On the other hand, tenants have responsibilities under the Residential Tenancy Act. These include not disturbing neighbouring tenants through excessive second-hand smoke and not causing damage to the rental property. So, for example, if a person creates lots of moisture while growing cannabis, and mold appears on the walls, that person could be at risk of eviction.
- When you are applying for housing, a landlord should not ask you whether you smoke. This is because the answer does not provide information about what kind of tenant you will be. For example, someone who smokes and lives in a non-smoking building may always be careful to go outside away from the property in order to smoke.
- If you are affected by excessive second-hand smoke coming from a neighbouring tenant, you can report the problem in a letter to your landlord, even if smoking is allowed.
The landlord gets to decide whether pets are allowed in the housing unit. The rules should be stated in the rental agreement. The landlord may set rules about the kinds of pets allowed (e.g., two dogs and one cat; one dog 30 pounds or less; up to two cats but no dogs). These rules do not apply to certified guide and service dogs, which the landlord must permit and cannot require a pet deposit for.
If you have a pet or plan to get one, the landlord will likely require a pet deposit of up to half of your monthly rent.
If your rental agreement says pets are not allowed, but later your landlord says that it is okay to get one, you will need to update your rental agreement. Be sure to have the new rule about pets put in writing so it can be attached to the original rental agreement.
If your rental agreement says pets are not allowed, and you get one anyway, your landlord can order you to get rid of the pet. If you do not, the landlord can serve you an eviction notice.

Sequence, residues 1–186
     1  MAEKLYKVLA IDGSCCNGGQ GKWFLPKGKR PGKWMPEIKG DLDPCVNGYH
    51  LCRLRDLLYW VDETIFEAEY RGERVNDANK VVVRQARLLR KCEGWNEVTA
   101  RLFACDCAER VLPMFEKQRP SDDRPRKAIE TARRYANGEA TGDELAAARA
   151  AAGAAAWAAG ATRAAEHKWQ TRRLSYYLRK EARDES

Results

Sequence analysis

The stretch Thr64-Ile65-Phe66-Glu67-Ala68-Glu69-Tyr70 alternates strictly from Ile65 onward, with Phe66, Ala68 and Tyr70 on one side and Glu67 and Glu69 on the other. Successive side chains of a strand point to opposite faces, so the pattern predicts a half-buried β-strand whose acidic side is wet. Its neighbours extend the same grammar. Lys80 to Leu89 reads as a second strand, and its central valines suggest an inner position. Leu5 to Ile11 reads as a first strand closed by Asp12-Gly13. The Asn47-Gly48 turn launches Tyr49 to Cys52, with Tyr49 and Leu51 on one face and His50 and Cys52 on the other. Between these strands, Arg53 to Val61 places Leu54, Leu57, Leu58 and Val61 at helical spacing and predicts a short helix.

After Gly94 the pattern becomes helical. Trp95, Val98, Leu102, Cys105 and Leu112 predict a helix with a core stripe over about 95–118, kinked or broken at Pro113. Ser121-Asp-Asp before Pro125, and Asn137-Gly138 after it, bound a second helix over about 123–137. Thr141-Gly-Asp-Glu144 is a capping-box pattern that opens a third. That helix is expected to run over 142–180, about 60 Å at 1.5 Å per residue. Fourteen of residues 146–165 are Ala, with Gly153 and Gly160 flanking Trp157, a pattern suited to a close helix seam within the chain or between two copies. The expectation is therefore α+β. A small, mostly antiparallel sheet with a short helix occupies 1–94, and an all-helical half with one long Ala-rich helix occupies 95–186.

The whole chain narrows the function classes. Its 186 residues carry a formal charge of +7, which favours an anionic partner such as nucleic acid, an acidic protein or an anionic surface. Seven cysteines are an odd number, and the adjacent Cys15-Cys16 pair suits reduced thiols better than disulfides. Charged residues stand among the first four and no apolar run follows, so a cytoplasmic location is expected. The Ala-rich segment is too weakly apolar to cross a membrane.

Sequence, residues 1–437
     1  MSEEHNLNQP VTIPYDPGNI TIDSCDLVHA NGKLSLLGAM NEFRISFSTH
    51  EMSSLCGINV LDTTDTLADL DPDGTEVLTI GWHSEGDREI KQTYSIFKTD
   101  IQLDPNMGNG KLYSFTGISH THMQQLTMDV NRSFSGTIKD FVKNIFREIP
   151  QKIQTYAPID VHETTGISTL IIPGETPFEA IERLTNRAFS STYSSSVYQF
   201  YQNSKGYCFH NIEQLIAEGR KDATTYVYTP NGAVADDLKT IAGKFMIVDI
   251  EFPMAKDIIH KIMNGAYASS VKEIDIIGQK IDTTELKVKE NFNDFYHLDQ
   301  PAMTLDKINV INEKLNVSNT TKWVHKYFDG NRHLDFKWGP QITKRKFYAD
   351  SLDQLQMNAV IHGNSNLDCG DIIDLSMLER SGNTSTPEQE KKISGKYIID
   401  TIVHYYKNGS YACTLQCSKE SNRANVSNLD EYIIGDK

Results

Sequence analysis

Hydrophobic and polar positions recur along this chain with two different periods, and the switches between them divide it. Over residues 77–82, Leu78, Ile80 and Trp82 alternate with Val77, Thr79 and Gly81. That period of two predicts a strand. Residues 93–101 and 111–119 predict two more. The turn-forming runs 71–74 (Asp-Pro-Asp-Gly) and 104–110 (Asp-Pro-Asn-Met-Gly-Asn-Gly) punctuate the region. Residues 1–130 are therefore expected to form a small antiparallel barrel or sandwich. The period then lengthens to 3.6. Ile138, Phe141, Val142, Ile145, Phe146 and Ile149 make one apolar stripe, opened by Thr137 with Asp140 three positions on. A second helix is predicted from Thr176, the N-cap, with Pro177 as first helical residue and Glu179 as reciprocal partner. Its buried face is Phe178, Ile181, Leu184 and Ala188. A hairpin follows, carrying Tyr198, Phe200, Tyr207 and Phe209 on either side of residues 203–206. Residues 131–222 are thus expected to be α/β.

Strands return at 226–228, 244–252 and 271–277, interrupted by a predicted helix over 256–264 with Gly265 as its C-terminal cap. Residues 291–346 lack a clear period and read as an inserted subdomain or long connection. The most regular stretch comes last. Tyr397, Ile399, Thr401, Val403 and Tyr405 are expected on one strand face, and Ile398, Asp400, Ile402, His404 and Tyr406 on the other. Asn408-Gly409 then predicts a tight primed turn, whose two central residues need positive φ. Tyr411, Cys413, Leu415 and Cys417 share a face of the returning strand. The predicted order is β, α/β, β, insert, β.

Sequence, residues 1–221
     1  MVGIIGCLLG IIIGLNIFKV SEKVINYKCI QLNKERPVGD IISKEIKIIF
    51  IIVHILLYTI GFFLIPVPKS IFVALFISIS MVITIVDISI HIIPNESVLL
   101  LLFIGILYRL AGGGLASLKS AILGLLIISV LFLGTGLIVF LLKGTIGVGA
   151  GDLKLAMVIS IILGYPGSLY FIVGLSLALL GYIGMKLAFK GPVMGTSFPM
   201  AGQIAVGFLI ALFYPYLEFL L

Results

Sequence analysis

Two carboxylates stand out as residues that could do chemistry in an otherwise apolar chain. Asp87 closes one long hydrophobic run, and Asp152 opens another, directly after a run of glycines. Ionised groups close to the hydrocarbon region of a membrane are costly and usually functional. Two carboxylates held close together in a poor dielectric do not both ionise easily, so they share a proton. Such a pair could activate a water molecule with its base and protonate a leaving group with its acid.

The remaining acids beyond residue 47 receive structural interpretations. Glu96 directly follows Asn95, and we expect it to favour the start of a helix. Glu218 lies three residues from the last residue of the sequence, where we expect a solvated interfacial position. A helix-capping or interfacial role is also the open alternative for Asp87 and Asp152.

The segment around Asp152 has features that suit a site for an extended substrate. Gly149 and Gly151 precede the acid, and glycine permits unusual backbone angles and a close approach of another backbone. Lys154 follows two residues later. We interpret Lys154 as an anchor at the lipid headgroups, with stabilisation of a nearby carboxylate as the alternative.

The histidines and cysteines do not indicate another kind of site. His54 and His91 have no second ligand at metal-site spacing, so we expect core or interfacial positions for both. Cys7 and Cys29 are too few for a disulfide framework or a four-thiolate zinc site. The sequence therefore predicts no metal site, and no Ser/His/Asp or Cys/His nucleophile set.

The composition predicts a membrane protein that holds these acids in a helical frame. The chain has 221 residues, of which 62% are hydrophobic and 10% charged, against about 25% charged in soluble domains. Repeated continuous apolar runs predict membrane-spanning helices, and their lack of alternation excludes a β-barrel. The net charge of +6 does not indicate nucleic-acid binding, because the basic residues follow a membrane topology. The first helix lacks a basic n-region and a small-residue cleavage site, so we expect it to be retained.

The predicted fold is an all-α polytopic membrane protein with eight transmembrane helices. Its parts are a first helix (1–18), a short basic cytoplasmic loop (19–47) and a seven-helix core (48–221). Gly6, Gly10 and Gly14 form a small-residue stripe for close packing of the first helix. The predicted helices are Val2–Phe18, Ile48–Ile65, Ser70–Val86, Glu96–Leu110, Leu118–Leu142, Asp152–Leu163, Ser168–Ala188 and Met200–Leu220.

- In BC, landlords have the right to restrict pets, so it can be very difficult to find rental housing that allows pets. When applying for housing, some people provide landlords with a résumé for their pet. It can include the pet’s physical description, history of good behaviour, and health status, as well as references. See here for an example.
All roommates listed on a rental agreement are officially co-tenants. This means that all of you share tenant responsibilities, such as making sure that the full rent is paid on time. If one person does not pay their share of the rent, the other roommates may have to cover it or deal with an eviction notice.
The Residential Tenancy Branch does not deal with conflicts between roommates, so you cannot apply for dispute resolution to solve these problems. The Civil Resolution Tribunal provides services to deal with roommate disputes.
If you wish to add a roommate, check your rental agreement first and get permission from your landlord. Your rental agreement may include a limit on the number of people allowed to live in the unit. It may also state that the rent will increase by a certain amount if another person moves in.
- It can be useful to make a roommate agreement that includes house rules and how the rent will be paid to make sure you’re all on the same page. See here for examples of roommate agreement forms